You've heard the phrase, "you are what you eat", meaning that food you eat provides the building blocks for the body you will spend the rest of your life with.
An important piece of the food puzzle is also, "you are how you eat", whereby the way in which you digest the food affects how efficiently you will produce the building blocks of a healthy body.
Digestion uses an enormous amount of bodily energy; taking food in whole form, breaking it down to tiny molecules, sharing those molecules to the organs/bodily systems and then removing the left overs. Plus all that complexity is performed in a single tube starting at your mouth and ending at your butt!
One way to help your body is by providing food that is easily digestible. Fermented foods have gained popularity in recent years due to their gifts to your gut. Traditionally prepared krauts and kefir contain readily available nutrition because the natural, beneficial bacteria have already liberated the nutrients for you.
However, if you wish to make the entire digestion process even easier, no matter what you're eating, simply chew your food!
Mindful mastication was made famous by food advocate Horace Fletcher, dubbed The Great Masticator, in the early 1900s. He was famous for saying "Nature will castigate those who don't masticate".
Fletcher suggested people chew 32 times (one for each tooth) and the verb "to fletcherise" was named for his method of chewing slowly and thoroughly.
Fletcher's theories were supported by researchers published in the journal, Nature, in 1998, where it was found that the appropriate number of chews per mouthful were usually between 20 and 30, depending on the texture of the specific food.
The paper concluded that we should continue to chew until the food fragments bind together as a goopy, sticky ball, that can be swallowed safely, without the danger of stray particles entering the windpipe. Chewing for too long, the researchers stated, could create excess saliva that would weaken the cohesive forces and allow the bolus (that's the technical name for a sticky, goopy ball of chewed up food in your mouth) to fall apart and create a dangerous environment for choking hazards.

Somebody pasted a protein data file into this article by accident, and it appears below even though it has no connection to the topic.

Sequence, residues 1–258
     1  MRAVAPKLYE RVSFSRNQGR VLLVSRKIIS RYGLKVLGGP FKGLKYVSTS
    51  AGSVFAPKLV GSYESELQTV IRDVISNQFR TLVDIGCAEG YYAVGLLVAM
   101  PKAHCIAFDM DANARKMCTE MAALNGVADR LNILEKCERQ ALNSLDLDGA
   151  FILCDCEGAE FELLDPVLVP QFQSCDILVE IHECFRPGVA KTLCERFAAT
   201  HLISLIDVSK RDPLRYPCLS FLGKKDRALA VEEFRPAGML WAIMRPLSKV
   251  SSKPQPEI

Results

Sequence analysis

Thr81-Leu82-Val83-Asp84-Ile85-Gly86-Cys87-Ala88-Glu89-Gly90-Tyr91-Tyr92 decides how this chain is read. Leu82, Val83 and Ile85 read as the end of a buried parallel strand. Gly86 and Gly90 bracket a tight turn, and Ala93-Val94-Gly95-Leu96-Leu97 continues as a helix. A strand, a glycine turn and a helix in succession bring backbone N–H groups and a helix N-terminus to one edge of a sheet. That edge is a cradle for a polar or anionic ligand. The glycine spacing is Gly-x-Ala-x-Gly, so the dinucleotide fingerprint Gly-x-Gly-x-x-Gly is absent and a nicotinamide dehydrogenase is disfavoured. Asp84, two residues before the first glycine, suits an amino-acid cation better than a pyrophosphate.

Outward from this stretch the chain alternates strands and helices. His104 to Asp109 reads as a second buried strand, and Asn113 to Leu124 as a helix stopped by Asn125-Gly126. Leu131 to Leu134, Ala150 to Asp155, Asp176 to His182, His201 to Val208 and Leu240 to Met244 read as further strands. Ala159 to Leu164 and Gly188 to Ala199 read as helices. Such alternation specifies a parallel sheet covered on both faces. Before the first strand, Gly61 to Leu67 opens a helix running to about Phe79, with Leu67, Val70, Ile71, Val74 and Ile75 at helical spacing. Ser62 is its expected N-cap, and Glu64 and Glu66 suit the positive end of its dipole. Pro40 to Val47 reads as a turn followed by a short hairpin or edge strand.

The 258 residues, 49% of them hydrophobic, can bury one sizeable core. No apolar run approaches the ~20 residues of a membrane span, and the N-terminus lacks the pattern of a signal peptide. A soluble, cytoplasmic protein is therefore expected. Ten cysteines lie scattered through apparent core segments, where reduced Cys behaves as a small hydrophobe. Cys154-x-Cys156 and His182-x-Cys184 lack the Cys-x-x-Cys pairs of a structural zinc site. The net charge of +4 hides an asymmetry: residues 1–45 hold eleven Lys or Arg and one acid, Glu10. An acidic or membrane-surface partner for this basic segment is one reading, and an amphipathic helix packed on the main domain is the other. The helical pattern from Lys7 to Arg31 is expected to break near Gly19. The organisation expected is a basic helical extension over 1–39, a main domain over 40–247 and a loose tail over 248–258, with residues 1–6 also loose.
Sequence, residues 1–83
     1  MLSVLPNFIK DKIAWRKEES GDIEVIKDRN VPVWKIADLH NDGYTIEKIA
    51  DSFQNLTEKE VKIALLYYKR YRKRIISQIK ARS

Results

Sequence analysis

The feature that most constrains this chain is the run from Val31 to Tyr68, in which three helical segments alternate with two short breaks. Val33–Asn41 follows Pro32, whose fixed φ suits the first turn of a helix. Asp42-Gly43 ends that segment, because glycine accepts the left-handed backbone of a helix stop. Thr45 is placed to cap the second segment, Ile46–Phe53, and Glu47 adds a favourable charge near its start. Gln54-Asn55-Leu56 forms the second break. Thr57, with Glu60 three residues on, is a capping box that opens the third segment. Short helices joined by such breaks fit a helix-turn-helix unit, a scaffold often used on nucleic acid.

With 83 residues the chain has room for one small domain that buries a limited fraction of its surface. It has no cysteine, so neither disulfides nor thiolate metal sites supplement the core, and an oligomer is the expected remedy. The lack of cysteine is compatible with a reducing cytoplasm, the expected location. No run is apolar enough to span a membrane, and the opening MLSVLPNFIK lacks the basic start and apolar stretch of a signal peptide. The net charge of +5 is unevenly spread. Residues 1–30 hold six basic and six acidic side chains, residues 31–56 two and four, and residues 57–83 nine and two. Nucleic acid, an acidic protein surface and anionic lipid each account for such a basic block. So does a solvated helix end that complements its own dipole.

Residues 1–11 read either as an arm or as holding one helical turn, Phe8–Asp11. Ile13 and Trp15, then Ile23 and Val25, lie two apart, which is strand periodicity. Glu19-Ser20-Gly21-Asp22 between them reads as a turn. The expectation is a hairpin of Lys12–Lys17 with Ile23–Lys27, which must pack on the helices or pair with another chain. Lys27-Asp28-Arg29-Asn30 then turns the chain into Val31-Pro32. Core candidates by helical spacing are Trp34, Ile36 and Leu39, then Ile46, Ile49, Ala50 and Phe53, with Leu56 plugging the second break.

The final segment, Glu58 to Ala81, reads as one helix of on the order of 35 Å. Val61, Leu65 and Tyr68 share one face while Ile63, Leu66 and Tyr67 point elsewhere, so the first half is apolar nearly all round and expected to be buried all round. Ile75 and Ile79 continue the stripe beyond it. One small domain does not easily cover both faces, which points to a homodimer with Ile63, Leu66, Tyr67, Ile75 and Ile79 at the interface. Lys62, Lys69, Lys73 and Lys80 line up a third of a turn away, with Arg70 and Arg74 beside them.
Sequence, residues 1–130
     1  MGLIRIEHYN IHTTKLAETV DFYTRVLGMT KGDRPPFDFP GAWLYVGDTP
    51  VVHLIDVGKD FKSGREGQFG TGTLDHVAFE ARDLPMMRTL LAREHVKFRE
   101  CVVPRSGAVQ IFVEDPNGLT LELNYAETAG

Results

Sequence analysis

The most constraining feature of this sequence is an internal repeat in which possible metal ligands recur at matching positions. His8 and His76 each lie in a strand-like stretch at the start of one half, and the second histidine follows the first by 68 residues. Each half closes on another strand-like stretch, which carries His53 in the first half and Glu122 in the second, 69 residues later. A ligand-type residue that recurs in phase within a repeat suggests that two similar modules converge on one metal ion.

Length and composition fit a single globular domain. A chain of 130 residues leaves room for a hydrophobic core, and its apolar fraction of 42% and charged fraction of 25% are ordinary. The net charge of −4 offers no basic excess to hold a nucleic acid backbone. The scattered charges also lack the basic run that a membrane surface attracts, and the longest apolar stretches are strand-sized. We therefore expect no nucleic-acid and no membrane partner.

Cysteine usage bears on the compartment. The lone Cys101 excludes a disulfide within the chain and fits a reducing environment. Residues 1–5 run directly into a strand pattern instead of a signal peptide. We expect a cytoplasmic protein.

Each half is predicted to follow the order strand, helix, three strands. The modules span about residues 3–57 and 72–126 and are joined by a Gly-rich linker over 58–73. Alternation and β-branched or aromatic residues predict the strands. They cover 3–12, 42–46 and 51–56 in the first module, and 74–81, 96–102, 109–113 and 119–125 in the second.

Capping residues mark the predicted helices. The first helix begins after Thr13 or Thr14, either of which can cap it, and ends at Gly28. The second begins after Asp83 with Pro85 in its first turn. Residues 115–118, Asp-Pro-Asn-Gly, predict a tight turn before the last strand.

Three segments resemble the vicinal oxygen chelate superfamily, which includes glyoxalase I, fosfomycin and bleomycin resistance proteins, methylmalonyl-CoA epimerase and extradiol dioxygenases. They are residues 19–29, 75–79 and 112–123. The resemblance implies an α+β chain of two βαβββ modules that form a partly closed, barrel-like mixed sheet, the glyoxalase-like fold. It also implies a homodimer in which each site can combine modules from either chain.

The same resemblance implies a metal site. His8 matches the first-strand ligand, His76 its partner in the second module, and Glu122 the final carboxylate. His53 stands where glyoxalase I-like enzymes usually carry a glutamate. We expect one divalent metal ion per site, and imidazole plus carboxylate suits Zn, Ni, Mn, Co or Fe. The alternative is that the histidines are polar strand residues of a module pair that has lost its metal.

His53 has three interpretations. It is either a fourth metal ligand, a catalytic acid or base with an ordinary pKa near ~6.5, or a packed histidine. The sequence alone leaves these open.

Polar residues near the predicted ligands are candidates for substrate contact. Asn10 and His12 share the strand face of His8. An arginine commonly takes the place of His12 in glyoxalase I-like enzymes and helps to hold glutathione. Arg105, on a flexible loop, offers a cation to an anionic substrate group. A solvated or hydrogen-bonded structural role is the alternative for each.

Since the 90s, various studies have found links to obesity and chronic diseases with faster eating of meals. Where mindful practice is included at mealtimes, researchers find significant changes to weight, eating behaviour, and psychological distress.
Chewing sets off digestive enzymes signalling the "get ready for processing" message to your body. It takes time (generally about 20 minutes) for your brain to signal to your stomach that you're full, and this may explain why some studies find people report feeling fuller when they ate slowly.
If you want to draw on the superpower of chewing your food, start with 20 chews per mouthful and work your way up to 30 over a week or so. My clients report immediate weight loss and more enjoyment of the food experience when they increase chewing. If you try it, I'd love to hear about your own results.